Derek, a 43-year-old computer programmer, remembers the difficulties his bride-to-be faced when they met while studying.

He recalls: "She couldn't walk for more than five minutes without pain. I felt helpless and desperately wanted to ease her discomfort.

"It was clear to us that the anti-inflammatory drugs she was taking made very little difference to her discomfort. In fact, the side-effects of stomach ulcers and blinding headaches made her feel worse. I fully supported her decision to stop taking them five years later."

The couple married the year after she stopped taking the drugs and Jatinder summoned every bit of grit to walk down the aisle unaided.

She says: "The days when I couldn't walk at all were becoming more frequent and I was limping more often than not.

"But there was no way I was going to let my illness get in the way of a perfect wedding.

"I blocked out the pain, held my head up high and slowly walked to join my future husband. It was very emotional."

Jatinder and Derek set up home in London and Raman was born later that year. But with their new baby came new hardships for Jatinder.

She explains: "The doctors had warned that I would have difficulty conceiving because of the drugs I'd been taking, so Raman was extra special. But caring for him was the biggest challenge I'd ever faced.

"The normal duties that new mums take for granted like bathing their child was like climbing a mountain. But I had no choice but to cope."

Their second child Priyanka was born four years later and developed chronic eczema and asthma at eight weeks. The lack of sleep and stress that caused only made Jatinder's condition worse.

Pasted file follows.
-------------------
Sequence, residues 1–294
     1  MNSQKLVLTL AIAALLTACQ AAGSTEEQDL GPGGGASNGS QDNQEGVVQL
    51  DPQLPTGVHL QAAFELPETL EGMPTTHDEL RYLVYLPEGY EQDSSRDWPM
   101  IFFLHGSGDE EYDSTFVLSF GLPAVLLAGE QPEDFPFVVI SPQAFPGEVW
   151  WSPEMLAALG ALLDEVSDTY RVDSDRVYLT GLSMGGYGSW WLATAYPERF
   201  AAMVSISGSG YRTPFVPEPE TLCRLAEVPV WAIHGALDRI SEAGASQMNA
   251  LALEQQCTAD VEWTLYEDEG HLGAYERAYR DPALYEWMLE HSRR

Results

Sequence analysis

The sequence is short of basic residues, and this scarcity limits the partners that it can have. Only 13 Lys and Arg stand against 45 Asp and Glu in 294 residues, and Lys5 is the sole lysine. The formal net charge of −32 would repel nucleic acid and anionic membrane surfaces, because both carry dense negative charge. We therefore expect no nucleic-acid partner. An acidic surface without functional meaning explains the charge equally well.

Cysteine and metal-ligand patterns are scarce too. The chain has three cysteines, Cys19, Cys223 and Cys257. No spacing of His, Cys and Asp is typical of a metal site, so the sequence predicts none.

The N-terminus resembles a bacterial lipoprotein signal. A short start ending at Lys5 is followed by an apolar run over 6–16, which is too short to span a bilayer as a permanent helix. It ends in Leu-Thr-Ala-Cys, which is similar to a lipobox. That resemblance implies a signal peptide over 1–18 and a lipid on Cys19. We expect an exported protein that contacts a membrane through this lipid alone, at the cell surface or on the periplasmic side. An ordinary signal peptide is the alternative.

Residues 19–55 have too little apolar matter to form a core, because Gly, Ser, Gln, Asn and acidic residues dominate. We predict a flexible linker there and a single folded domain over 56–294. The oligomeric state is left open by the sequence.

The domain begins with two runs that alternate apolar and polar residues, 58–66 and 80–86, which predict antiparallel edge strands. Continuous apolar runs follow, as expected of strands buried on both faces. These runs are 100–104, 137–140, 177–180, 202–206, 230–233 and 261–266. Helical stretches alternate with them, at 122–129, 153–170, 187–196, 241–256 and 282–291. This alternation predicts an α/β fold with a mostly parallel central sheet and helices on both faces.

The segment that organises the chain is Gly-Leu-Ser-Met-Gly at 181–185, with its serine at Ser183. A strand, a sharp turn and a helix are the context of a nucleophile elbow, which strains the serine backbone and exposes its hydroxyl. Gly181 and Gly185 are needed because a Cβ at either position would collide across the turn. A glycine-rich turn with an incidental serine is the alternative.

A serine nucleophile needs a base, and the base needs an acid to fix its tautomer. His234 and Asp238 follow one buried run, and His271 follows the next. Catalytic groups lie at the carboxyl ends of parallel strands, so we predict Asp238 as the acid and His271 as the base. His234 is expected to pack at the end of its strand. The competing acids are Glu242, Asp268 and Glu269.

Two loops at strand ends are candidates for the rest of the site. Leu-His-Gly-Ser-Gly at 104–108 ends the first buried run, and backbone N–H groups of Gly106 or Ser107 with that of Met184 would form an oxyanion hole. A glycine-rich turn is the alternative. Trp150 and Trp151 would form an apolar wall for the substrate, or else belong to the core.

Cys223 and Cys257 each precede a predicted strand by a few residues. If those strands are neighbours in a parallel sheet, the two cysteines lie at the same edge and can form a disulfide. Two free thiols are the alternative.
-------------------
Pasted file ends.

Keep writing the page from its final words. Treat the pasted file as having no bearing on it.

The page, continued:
She said: "I was beginning to think I couldn't go on. I couldn't see myself reaching my 40th birthday and if I'm honest part of me didn't want to if it meant living with constant pain.

"I believed it was only going to get worse."

It was during these dark times that Derek discovered the raw food way of life on the internet.

He read claims that nature intended us to eat raw, who le food and that it is unnatural to consume cooked or processed foods.

Jatinder explains: "Long-term consumption of processed food will lead to toxicity or toxaemia - when the body is overloaded with poisons.

"These e harmful toxins are found all around us - in our environment, treated water, non-organic fruit and vegetables and cooked food.

"Raw foodists believe that major illnesses like cancer, diabetes and arthritis are often a result of toxaemia and can be prevented and greatly helped by a raw food way of life."

Jatinder says she realised the importance of food in relation to wellbeing years ago but the idea of eating only raw food seemed impossible.

"I had stopped eating wheat years earlier noticing that wheat flour made my joints flare up and I had become vegan the previous year for similar reasons," she says.

"I put the fact that I wasn't already in a wheelchair down to my healthy diet and generally positive mindset.

"I believed that food could have a miraculous effects on health, I just didn't believe I could take such drastic measures." When Jatinder conceived her youngest son Mohan, at the age of 37, she knew something had to be done to improve her health.

So, at two months pregnant, she changed her diet to 100 per cent raw for one week. She says: "I had diarrhoea but felt the benefit and the pain reduced.